Ludwig Van Beethoven Mozart Vienna Haydn Bonn Bonn Germany Heiden Anna
The 'Seductive Lure' of Authoritarianism

The Book Review

06:35 min | Last week

The 'Seductive Lure' of Authoritarianism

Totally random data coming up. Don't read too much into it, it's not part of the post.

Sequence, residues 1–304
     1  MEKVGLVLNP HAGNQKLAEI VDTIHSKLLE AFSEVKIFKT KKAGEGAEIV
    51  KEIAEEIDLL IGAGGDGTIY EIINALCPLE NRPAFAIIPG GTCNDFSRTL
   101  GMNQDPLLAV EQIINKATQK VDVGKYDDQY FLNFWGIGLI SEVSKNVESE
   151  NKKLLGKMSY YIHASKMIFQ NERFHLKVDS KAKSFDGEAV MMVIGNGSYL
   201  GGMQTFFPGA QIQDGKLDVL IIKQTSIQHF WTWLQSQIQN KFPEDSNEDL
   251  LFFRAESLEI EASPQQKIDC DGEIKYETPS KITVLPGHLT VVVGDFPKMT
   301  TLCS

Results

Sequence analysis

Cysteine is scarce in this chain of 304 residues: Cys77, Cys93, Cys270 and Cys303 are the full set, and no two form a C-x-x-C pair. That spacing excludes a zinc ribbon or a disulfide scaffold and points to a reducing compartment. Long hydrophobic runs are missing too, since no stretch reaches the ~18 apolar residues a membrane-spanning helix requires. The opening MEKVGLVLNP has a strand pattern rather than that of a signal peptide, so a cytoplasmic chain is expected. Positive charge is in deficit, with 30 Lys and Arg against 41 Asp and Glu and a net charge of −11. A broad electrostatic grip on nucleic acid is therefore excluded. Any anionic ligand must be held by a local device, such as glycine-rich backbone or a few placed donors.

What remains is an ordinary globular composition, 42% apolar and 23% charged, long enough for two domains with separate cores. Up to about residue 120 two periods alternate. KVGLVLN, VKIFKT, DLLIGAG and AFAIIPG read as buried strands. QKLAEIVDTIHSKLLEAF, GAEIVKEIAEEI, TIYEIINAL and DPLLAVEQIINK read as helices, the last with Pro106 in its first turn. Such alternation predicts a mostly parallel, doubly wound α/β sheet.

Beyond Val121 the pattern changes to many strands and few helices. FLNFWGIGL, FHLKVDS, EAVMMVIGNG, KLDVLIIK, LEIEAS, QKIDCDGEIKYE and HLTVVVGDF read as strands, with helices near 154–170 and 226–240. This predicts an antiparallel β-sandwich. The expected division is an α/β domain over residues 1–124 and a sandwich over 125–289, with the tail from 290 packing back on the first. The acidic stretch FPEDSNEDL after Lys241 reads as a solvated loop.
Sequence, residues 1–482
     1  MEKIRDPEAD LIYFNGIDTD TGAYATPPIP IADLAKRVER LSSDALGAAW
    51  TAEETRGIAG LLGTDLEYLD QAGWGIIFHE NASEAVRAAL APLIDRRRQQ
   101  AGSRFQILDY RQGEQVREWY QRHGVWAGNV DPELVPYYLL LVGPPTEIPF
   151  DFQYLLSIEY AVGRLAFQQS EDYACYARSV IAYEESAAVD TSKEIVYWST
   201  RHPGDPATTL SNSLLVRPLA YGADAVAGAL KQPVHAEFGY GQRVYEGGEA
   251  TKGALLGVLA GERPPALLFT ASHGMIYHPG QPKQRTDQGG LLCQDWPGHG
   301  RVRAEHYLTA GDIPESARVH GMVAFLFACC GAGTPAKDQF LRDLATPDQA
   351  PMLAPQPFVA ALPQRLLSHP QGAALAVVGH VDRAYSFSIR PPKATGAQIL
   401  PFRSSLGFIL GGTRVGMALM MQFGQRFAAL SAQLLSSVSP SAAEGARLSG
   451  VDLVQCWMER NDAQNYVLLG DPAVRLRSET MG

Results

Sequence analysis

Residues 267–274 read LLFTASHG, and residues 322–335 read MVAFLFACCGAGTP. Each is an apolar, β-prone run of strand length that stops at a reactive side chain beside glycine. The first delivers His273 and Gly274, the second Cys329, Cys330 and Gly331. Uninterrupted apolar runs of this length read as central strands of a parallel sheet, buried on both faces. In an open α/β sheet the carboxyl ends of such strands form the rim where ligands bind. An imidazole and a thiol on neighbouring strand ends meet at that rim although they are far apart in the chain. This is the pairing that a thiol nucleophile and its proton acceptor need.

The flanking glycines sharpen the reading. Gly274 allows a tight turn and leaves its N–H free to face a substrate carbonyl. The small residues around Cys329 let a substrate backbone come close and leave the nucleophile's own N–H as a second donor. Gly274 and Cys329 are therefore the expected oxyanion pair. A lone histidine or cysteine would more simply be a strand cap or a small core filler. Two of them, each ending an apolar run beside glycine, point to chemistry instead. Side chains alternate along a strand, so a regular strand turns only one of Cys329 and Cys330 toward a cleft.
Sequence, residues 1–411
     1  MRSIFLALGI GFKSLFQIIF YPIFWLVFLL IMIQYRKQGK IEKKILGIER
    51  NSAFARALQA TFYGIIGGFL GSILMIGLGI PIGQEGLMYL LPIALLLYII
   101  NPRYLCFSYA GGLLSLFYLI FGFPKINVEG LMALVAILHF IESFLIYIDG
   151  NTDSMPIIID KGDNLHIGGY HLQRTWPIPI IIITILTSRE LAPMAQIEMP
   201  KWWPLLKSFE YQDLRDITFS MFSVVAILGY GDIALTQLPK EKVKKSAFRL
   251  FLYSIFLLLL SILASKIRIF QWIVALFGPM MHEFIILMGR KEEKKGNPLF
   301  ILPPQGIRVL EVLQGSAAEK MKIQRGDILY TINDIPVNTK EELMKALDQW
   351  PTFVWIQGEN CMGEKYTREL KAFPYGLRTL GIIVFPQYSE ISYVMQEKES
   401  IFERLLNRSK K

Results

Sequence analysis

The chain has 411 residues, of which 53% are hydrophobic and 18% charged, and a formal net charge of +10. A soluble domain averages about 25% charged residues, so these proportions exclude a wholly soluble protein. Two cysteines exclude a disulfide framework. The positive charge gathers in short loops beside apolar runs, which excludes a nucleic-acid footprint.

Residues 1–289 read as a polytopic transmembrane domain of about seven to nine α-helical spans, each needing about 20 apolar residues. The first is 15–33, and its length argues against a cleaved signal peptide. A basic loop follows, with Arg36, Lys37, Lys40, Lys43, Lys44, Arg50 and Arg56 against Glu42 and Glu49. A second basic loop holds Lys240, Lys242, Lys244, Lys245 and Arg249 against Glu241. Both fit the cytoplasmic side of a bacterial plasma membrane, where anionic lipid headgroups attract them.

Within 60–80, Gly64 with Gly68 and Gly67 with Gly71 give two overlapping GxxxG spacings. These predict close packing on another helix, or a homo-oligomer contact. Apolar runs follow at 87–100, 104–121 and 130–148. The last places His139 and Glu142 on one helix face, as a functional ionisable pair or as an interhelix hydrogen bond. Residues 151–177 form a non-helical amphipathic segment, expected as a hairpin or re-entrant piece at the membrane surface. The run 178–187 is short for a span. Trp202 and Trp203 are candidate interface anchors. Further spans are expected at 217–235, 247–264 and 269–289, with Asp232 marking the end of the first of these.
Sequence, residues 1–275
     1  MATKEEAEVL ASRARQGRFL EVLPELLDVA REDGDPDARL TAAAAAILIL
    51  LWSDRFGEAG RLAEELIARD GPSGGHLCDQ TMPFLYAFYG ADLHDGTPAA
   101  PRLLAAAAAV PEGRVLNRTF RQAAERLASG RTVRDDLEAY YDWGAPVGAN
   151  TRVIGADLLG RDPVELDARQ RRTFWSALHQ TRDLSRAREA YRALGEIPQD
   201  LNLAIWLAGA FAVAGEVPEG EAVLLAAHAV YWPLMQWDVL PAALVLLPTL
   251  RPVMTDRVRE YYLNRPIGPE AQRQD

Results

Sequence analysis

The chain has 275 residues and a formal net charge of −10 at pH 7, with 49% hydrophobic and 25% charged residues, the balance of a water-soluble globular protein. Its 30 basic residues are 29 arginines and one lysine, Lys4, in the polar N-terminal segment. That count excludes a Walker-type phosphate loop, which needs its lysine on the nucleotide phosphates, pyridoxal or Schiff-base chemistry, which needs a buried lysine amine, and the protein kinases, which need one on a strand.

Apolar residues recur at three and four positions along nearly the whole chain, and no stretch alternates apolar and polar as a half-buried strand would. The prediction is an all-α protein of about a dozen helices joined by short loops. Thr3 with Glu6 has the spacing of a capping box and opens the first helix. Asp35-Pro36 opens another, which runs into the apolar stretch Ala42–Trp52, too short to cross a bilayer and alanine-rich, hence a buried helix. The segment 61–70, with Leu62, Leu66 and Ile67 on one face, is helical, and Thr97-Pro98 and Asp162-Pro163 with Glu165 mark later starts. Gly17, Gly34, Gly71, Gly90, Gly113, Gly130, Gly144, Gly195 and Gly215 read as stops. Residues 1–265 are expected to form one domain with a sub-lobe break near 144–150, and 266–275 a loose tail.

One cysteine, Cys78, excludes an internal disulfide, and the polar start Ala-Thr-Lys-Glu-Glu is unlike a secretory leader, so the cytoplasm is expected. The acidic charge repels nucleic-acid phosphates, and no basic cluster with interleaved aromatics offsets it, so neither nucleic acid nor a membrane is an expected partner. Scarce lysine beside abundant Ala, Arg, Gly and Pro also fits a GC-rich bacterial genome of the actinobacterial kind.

"And Applebaum joins us. Now from London, she is the author of the Pulitzer Prize Winning Gulag History and her new book is called twilight of democracy, the seductive lure of authoritarianism and thank you so much for being here. Thanks for having me, I want to start with a very basic language question because people are throwing around a lot of terms, these days, authoritarianism, dictatorship, demagoguery, autocracy, fascism, and sort of get to an understanding of what we exactly mean and what you need. Europe by authoritarianism. Book is about democracies really and it's about people and political movements in democracies who become dissatisfied with their own political systems and seek to change radically. And I. Agree with you that it's hard to sometimes describe what it is that they want to go towards whether it's a one party state or a liberal democracy or A. Not necessarily dictatorship. In which there's less openness and less competition, and so you know my book is about that. It's about the disappointment that some people feel with democracy and the draw towards more authoritarianism more centralized, less competitive, less open political systems. You're not so much concerned in this book with the specifics of the autocrats of our time, the Erdo ones and Putin's, and Orban's so much as you are with the people who vote for them side with them enable them. Why did you decide to look at it from that angle, but actually it's explicitly. None of book about voters I mean I think the reason why people vote for populist or authoritarian parties are various and I you know that sort of separate subject but you're right. It is a book about journalists spin doctors, intellectuals, and the people who sometimes help create these movements who create the ideas behind them, and then sometimes sell those ideas to the general public. Poorly I read about the because those are people I know not all of them are my close friends, but some of them are people have run into. The World I know and I thought it would be useful therefore for me to try and explain them in an an understand what happened to them over the last twenty years I wanted aired Juan because. About journalists and intellectuals he someone who and I think we could say this. About Putin von and others as well. These are people who have suppressed. The Press Ltd journalists closed down newspapers imprisoned writers who are the people on the other side who are the two of these other journalists and intellectuals who are supporting someone like Oregon. For example, in Turkey, will some of them are people who have become convinced. There's only one form of Turkish patriotism and that it's a nationalist form of patriotism and that anybody who has a different vision of Turkey vision of Turkey this integrated with Europe or a Turkey that secular those people are traders to. The country and their voices don't deserve to be heard. Some of the will have other motives. Some of them will be opportunists. Some of them will see the chance of if you get on the Government's bandwagon and you get on state media than its way to make a career, some of the will like the proximity to power. There's a range of reasons actually that's one of the themes of the book is, is the various different kinds of attractions that these kinds of movements have for people like that. So I'm probably betraying a little bit of my prejudice. As journalists and someone in the book world that the pamphleteer is the bloggers, the spin-doctors, the producer of TV programs in creators of memes. These are people that I can easily see supporting some of these autocrats I. Guess I'm interested in what circumstances in which countries it's writers intellectuals and and what's behind that I mean look they've always been nationalist intellectuals and intellectuals WHO and writers who supported dictatorships. well, into the twentieth century one of the themes of the book one of the kind of threads that I run through it is an analysis that was written in the first half of the twentieth century by French writer Julien Benda called it was called the clerks, the treason of the intellectuals, and it's a book about intellectuals who align themselves politically and who abandoned their search for truth or their object Tivi in order to be part of political movement. So this urge to do that and to be to play a political role or to be the voice sir to provide the ideas for movement is I mean I think it's as old as writing, public speaking itself. Talk about how you've seen that in Poland where you normally spend most of your time. So the book actually the idea for the book came from my reflections about the history of Poland. Over the last thirty years in especially some of the people who I felt aligned with in the nine hundred ninety s there was a kind of center right anticommunist movement that was I mean it wasn't ever cohesive, but it was the people within it certainly spoke to one another in the nineties who all had a similar vision of Poland and who all hoped for Poland it would be part of Europe and part of NATO and would be. Some kind of democracy. And connected world. Some of those people now have acquired a very different vision of Poland and they. Hope to pull, it becomes kind of Catholic nationalist one party state. They've been part of or supporters of a government that has cracked down on independent media and may be doing. So further that uses openly homophobic and anti Semitic slogans in its election campaigns and that I think worse of all really has sought to pack the courts in order to remove the independence of judges and the transformation of those people is one of the subjects of the. First part of the book, and again I think their motives are various I mean some of them are personal. They personally didn't like the political system that emerged in the nineties and two thousands and they they are. They didn't fight until they had a personal role in it. Some people felt police losing something they. They developed a stellar sometimes mythical nostalgia for some other version of the country that they preferred may have existed sometime in the past. Poland's cases to pre-communist past you know some of them felt that Poland was losing its identity as emergency urban there multiple reasons but the the overall impulse is one that I think Americans should be aware of too because the you know the attraction of authoritarianism, the attraction of the one party state or the attraction of liberalism I think can be felt in lots of countries including our own